Posts tagged with "Gag order"

Trump Justice Department secretly subpoenaed records on top Democrats, their families, and staff

June 14, 2021

After a series of damaging leaksto the media about contacts between senior White House functionaries and Russian officials during the early moments of the Trump Administration, the Department of Justice took the extraordinary step of subpoenaing data from Apple on top Democrats, their families, and their staff, in an effort to identify the source of the leaked information, The New York Times was first to report on Thursday night, June 10.

Indeed, the Times reported, at least a dozen people associated with the House Intelligence Committee had their records seized, including then–ranking member of the committee Adam Schiff and committee member Eric Swalwell

According to a report by Slate on Friday, the surveillance reportedly encompassed the subjects’ metadata, whom they were communicating with—not the content of those communications. One of the individuals whose records was subpoenaed was a minor, presumably a family member of one of the targets, because the DOJ suspected officials might be using their children’s computer to leak to avoid detection.

The surveillance was not made known to the targets until last month, due to a gag order on Apple that recently expired.

Other administrations, including the Obama Administration, have aggressively hunted leakers—but, Slate notes, the latest revelations show how far and beyond the Trump administration was willing to go, essentially from the start of the Trump presidency.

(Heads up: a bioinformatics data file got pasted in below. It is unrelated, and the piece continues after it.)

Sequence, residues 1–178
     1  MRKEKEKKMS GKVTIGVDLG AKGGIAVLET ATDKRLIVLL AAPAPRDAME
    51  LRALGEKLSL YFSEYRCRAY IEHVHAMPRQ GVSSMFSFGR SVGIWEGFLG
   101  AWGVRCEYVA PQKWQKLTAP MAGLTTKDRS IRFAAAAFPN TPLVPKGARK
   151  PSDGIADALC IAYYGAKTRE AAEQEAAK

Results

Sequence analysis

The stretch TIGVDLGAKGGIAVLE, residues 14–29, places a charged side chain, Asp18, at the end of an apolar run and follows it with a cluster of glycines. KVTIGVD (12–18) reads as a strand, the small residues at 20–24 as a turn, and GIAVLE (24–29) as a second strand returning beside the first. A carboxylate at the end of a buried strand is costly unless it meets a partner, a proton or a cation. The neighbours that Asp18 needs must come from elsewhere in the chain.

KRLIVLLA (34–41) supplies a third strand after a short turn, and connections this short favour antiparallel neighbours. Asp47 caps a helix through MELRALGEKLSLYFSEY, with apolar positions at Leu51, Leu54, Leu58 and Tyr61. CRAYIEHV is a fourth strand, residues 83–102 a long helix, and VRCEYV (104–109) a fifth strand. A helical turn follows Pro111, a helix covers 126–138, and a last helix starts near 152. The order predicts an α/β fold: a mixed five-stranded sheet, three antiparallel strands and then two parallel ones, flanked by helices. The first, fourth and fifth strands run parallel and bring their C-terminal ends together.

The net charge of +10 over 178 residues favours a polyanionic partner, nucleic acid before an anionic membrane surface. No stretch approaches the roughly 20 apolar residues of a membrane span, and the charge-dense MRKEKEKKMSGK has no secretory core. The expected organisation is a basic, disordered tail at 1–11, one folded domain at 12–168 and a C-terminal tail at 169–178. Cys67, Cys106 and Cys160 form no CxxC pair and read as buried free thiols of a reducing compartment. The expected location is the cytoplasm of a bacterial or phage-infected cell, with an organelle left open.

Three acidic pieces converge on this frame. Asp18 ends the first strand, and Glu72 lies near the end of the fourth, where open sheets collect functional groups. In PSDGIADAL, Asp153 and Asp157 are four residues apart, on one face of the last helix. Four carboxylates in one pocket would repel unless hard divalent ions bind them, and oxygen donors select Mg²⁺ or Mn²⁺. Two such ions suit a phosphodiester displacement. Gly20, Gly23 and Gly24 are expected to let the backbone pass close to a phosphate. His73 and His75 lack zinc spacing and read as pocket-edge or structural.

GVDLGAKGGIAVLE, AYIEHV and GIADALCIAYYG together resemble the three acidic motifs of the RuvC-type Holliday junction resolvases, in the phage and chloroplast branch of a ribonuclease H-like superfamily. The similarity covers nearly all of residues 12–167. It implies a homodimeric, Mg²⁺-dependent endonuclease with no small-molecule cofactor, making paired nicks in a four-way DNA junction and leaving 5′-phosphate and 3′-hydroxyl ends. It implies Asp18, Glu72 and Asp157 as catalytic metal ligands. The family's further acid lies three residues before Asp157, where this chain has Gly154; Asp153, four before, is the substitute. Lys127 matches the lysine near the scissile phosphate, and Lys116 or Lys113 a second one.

The records seized were reportedly from 2017 and early 2018, as Attorney General Jeff Sessions bore the brunt of Trump’s rage about all things Russia. Leaked contacts between Michael Flynn and then–Russian Ambassador to the U.S. Sergey Kislyak led to Flynn’s ouster and ultimately federal charges.

The leaked information was explosive: It showed the continuation of curious contact between Trump World and Russia; it also revealed that the FBI had used a court-authorized secret wiretap on Kislyak that ensnared the future national security adviser.

“Ultimately, the data and other evidence did not tie the committee to the leaks, and investigators debated whether they had hit a dead end and some even discussed closing the inquiry,” the Times notes. “But William P. Barr revived languishing leak investigations after he became attorney general a year later. … Barr directed prosecutors to continue investigating, contending that the Justice Department’s National Security Division had allowed the cases to languish, according to three people briefed on the cases.” The moves smacked of political targeting to some in the Justice Department.

The secret targeting of sitting members of Congress by the opposite party—particularly, those leading an investigation related to the White House, is an extraordinary step that requires truly extraordinary evidence, Slate says. Adding that,so far reports indicate no evidence was found linking the targets to the actual leaks.

What was found was that the Trump Administration had an ulterior motive: snooping on its political enemies.